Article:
China Stocks Rise on Monetary Easing Signs as Banks Gain

China’s stocks rose, sending the Shanghai Composite Index to a second day of gains, after the central bank took more steps to ease a potential cash crunch and support an economy hampered by slumping property prices.

China Citic Bank Corp. led an advance for mainland lenders, rallying 4.6 percent. Sichuan Kelun Pharmaceutical Co. surged 3.1 percent as a sub-index of health-care companies climbed the most among industry groups. PetroChina Co. and China Petroleum and Chemical Corp. slid 1.5 percent in Hong Kong, dragging down the Hang Seng China Enterprises Index.

The Shanghai Composite added 0.4 percent to 2,315.93 at the close. The CSI 300 Index rose 0.3 percent. The central bank cut a rate it pays on repurchase agreements to the lowest since January 2011. The rate cut and cash injection to banks this week signal efforts to bolster the economy after new-home prices fell in 68 of 70 cities tracked by authorities last month.

“There are expectations for more looser policies,” Larry Wan, chief investment officer at ZhongRong Life Insurance Co., said by phone in Beijing. “It’s obvious the government wants the stock market to rise. The property data may be negative, but people are betting on more reforms.”

Hong Kong’s Hang Seng China index, or H-shares gauge, the MSCI China Index, and Hang Seng Index each lost 0.9 percent at the close. The Bloomberg China-US Equity Index slipped less than 0.1 percent after the Federal Reserve raised estimates for interest rates while maintaining a pledge to keep rates low after bond purchases are ended.

Monetary Easing

The Shanghai Composite has risen 16 percent since mid-March and trades at 8.4 times projected 12-month earnings. The H-shares measure has fallen 5.3 percent after hitting a high this year on Sept. 8 and has a multiple of 6.9. Trading volumes in Shanghai were 7.5 percent above the 30-day average for this time of day, according to data compiled by Bloomberg.

The Hang Seng China AH Premium Index jumped 1.1 percent for the biggest gain since Sept. 10, signaling a narrowing gap between dual-listed stocks.

The People’s Bank of China sold 10 billion yuan ($1.6 billion) of 14-day contracts at 3.5 percent today, according to a statement on its website. That compared with 3.7 percent at a Sept. 16 auction and is a further sign of monetary easing after the central bank supplied 500 billion yuan to the nation’s largest commercial lenders via its standing lending facility.

The cost of one-year swaps, the fixed payment to receive the floating seven-day repurchase rate, fell 15 basis points to 3.35 percent. The seven-day repo rate dropped one basis point to 3.37 percent, a weighted average compiled by the National Interbank Funding Center showed.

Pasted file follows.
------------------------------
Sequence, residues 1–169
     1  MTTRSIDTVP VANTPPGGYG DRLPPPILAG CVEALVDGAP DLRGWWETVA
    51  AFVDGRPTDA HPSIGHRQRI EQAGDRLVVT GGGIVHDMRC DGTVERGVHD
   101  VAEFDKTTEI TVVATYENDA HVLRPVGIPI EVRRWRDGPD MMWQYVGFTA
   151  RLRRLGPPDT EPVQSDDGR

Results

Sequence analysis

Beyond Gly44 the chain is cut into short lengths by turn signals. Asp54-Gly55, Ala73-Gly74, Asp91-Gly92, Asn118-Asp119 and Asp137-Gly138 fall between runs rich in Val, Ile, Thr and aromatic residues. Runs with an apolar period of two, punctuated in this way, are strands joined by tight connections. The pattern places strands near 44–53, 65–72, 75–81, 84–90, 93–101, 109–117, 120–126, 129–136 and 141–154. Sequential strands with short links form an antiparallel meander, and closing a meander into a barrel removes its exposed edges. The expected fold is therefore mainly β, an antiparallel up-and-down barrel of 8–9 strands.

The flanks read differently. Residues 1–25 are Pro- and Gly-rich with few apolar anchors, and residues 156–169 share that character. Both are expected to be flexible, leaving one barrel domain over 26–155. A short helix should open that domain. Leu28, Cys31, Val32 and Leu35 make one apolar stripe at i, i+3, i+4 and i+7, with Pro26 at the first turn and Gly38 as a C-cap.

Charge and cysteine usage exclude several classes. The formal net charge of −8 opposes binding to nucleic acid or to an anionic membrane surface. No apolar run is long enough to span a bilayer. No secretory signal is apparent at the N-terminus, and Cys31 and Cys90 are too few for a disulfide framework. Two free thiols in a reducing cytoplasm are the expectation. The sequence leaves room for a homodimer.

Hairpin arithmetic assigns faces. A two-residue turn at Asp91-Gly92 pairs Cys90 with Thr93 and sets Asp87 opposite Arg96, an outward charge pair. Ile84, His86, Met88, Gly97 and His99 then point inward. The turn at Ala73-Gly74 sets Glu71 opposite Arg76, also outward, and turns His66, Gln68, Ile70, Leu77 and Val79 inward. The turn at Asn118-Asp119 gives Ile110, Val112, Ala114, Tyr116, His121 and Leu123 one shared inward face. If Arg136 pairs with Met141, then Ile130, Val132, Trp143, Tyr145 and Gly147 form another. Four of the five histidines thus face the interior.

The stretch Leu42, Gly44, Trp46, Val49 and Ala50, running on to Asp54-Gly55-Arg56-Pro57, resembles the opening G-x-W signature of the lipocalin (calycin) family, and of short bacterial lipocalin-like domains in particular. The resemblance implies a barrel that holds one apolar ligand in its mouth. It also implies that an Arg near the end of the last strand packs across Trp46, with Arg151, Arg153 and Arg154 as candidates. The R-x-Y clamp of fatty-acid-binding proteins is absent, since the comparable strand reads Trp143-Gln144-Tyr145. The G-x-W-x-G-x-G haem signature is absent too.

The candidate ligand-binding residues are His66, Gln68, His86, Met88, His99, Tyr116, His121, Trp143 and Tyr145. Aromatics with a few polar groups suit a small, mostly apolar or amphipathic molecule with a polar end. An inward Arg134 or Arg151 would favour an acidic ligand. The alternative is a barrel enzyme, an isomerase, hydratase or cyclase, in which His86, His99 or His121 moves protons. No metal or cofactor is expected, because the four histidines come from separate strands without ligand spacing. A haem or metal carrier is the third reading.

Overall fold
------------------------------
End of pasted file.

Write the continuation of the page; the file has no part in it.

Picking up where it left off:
Home Prices

In mainland trading, banks and drugmakers led gains. China Citic climbed the most in two months. Bank of Communications Co. advanced 1.9 percent. A measure of health-care companies in the CSI 300 added 1.5 percent, the biggest gain among 10 industry groups. Yunnan Baiyao Group Co. advanced 1.5 percent.

Property shares were the biggest drag in Shanghai, with a sub-index sliding 1 percent. Gemdale Corp. slumped 2.8 percent, while Poly Real Estate Group Co. declined 1.1 percent. In Hong Kong, China Overseas Land & Investment Ltd., the largest mainland developer listed in the city, fell 1.8 percent while China Resources Land Ltd. dropped 2.8 percent.

New-home prices dropped 2 percent from July in Hangzhou, the capital of the eastern province of Zhejiang, the biggest decline among all cities. They fell 0.9 percent in Beijing and 1.1 percent in Shanghai, according to the government.

PetroChina slid 1.5 percent in Hong Kong, paring this year’s rally to 24 percent. The largest oil producer is the fourth-best performer in the H-shares gauge this year. Jiangxi Copper fell 1.3 percent. Casino operator Galaxy Entertainment Group Ltd. climbed 1.1 percent to snap eight days of losses.

No Crunch

“In the short term, property shares may drag the market lower,” said Zhou Lin, an analyst at Huatai Securities Co. “Sentiment is still weak on economic data” and concerns new share sales will divert funds from existing equities, he said.

The nation’s regulator this week approved 11 more initial public offerings. After being frozen for a year, the pipeline for domestic IPOs was reopened late last year. IPOs on the mainland this year have surged an average 43 percent in their first day of trading. Alibaba Group Holding Ltd. is scheduled to begin trading in New York on Sept. 19, in a deal valued at $21.8 billion, which could make it the largest IPO in history.

The People’s Bank of China move to provide funds to the nation’s five largest banks will help overcome any pre-holiday cash crunch, though is unlikely to move the needle on gross domestic product, according to economists at banks including Barclays Plc. The nation’s financial markets will be shut for about a week in early October for the National Day holidays.

With Premier Li Keqiang vowing he won’t be distracted by short-term fluctuations as he maintains focus on structural adjustments, the fate of his 7.5 percent expansion target hinges on whether the injection marks the start of more easing or is just a temporary liquidity measure. UBS AG said it will take a deeper slowdown to spur an interest-rate cut as it reiterated a call growth will slide below 7 percent next quarter.

— With assistance by Weiyi Lim, and Kana Nishizawa

Before it's here, it's on the Bloomberg Terminal.